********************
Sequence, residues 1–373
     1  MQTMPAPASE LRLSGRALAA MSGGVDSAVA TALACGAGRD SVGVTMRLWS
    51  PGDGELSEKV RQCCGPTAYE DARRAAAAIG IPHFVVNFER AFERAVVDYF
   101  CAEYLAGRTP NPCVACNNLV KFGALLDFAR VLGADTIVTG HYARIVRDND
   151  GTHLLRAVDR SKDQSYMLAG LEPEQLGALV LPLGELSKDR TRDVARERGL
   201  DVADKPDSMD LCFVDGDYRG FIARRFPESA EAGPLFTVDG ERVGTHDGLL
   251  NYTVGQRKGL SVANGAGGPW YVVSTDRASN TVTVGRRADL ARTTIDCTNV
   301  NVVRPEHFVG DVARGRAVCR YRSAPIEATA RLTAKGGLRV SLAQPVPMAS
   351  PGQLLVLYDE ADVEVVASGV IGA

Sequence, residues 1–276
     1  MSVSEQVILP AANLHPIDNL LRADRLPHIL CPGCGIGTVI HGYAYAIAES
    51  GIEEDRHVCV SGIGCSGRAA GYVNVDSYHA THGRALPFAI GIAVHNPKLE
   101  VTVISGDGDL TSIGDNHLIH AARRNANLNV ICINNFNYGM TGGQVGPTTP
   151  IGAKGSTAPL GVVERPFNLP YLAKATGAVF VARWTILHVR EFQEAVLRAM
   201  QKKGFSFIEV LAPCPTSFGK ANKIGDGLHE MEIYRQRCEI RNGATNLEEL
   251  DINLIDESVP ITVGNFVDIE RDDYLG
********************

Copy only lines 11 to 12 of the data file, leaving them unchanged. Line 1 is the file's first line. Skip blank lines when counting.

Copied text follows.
     1  MSVSEQVILP AANLHPIDNL LRADRLPHIL CPGCGIGTVI HGYAYAIAES
    51  GIEEDRHVCV SGIGCSGRAA GYVNVDSYHA THGRALPFAI GIAVHNPKLE